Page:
Other contenders would include the Suzuki Swift Hybrid, but it's a mild hybrid so not sure that gets me where I want to go. Honda Fit hybrid -- dual clutch - much more of a "drivers car", less great for the nightmare that is Auckland traffic, and more expensive maintenance - although more headroom, but bit less MPGs. Nissan Note e-Power - Bit more expensive, can't find too much English language info on it since it's a JDM only model, roomiest of the lot, but I don't love the jellybean shape or interior design (although not any more or less than the Aqua/C - I think Honda is the best in class here).

    Of course - another option is to get a late G3 / early G4 regular Prius which would help with question 3. We currently have a Camry in the US, but NZ roads are also different - on our last trip there we had a Yaris rental - and neither of us want to drive anything significantly larger than that.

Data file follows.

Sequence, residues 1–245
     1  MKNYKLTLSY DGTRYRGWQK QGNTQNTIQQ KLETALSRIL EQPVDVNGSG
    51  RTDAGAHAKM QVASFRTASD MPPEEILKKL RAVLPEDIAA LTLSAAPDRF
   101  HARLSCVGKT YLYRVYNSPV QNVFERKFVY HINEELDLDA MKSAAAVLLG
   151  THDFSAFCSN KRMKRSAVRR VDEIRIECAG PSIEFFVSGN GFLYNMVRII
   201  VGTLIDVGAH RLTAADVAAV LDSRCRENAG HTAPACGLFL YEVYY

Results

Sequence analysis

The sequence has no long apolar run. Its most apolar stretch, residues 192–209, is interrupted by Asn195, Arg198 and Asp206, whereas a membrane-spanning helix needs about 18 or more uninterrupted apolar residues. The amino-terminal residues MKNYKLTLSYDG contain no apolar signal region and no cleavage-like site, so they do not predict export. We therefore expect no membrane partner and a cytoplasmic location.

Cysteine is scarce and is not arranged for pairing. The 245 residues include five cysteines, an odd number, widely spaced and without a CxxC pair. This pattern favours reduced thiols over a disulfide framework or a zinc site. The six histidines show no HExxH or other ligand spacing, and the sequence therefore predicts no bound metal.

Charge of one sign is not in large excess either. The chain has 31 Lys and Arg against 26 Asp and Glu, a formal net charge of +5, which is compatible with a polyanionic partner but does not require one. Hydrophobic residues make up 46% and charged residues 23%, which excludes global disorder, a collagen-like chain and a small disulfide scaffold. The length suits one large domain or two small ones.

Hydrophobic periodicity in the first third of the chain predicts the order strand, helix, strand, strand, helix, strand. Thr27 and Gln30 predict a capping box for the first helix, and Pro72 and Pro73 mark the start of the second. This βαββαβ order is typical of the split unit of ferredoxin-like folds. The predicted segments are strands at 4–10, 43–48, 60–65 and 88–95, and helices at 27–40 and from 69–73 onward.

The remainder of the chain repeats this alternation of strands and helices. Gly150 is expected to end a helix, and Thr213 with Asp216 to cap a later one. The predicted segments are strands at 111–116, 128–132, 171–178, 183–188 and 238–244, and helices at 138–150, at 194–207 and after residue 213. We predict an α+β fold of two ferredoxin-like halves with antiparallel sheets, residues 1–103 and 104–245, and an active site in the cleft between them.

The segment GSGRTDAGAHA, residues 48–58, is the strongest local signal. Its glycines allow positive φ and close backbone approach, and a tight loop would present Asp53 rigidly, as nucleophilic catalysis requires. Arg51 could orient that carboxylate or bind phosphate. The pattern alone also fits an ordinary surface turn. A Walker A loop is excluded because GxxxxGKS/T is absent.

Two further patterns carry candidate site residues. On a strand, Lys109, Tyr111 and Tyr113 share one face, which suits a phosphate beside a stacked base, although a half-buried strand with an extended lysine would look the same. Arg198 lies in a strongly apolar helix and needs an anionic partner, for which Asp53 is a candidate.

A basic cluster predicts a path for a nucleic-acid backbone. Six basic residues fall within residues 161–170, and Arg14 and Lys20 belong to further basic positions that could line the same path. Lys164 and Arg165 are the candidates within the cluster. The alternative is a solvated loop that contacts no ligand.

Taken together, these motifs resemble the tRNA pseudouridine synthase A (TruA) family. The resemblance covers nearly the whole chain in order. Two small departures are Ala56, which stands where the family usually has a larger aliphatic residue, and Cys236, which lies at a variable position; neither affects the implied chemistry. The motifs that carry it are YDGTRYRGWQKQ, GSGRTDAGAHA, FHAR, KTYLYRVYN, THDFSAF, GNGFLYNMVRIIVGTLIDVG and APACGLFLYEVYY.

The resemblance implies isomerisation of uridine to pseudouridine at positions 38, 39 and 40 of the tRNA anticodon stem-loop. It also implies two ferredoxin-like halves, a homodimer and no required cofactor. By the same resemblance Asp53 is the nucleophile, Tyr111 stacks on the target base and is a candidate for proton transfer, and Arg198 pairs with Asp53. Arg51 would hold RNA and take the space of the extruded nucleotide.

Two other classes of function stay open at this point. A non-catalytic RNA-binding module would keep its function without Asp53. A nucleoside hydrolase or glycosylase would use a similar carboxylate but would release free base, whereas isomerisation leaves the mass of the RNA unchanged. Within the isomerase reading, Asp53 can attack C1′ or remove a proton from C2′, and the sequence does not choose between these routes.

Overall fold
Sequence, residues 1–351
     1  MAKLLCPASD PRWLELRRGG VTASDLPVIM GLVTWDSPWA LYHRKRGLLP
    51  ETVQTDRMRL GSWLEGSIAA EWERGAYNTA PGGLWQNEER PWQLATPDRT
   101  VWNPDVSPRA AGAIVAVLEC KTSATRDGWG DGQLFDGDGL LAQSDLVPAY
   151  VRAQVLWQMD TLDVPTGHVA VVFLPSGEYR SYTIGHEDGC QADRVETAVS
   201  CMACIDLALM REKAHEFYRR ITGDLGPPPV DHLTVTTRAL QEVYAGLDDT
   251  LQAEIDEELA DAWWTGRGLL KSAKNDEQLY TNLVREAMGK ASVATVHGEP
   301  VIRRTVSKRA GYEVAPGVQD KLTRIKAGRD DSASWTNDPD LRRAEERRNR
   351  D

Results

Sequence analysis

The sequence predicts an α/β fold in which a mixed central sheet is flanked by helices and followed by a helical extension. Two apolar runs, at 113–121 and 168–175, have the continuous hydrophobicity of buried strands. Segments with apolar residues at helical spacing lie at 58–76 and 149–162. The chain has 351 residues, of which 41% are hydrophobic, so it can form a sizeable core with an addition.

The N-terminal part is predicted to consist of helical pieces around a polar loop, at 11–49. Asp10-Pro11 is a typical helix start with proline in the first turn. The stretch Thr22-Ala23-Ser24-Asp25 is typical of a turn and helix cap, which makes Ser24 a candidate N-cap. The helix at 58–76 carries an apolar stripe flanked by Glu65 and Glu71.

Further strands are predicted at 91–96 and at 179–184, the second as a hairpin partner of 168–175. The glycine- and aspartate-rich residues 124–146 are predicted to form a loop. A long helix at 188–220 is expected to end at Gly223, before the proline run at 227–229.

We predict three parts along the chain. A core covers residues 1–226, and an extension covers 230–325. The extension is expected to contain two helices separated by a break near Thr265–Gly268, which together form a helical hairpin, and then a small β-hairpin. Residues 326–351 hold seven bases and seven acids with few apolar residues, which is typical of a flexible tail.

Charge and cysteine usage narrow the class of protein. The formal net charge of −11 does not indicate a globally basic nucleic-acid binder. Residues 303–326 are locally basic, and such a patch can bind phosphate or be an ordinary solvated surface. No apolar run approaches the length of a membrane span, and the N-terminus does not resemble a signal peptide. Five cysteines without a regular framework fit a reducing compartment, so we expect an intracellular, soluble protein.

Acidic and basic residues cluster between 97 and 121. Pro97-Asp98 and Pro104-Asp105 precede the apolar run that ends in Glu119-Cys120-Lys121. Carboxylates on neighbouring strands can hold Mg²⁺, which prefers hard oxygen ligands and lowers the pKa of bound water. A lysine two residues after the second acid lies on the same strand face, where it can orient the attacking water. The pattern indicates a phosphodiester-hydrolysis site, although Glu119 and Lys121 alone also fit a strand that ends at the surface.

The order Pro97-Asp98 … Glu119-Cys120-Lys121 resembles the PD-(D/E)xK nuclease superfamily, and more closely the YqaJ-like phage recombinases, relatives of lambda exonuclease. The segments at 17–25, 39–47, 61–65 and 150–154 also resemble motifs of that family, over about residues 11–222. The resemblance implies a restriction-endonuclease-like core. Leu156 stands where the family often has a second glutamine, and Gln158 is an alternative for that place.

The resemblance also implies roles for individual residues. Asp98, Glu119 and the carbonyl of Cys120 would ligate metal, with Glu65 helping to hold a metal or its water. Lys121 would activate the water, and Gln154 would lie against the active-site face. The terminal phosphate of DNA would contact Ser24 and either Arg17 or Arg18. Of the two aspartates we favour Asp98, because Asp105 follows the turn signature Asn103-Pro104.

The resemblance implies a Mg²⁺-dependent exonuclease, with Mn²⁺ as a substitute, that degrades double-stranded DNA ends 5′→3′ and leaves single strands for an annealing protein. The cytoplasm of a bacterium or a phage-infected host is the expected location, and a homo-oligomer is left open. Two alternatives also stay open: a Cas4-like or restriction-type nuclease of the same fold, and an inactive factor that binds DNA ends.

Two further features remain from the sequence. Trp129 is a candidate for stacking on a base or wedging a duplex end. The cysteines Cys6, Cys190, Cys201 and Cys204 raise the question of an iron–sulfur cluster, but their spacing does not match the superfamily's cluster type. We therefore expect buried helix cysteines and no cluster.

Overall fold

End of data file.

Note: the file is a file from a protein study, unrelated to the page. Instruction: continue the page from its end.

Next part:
Thanks for reading my rant.
     
  2. bisco

    bisco cookie crumbler

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    i have never owned a c, and no nothing about new zealand other than how much my daughter enjoyed it there.
    although he doesn't own a c, perhaps @dolj can provide some insight into new zealand cars in general.

    all the best!
     
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  3. Raytheeagle

    Raytheeagle Senior Member

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    The member summon:).

    Completed the trifecta(y).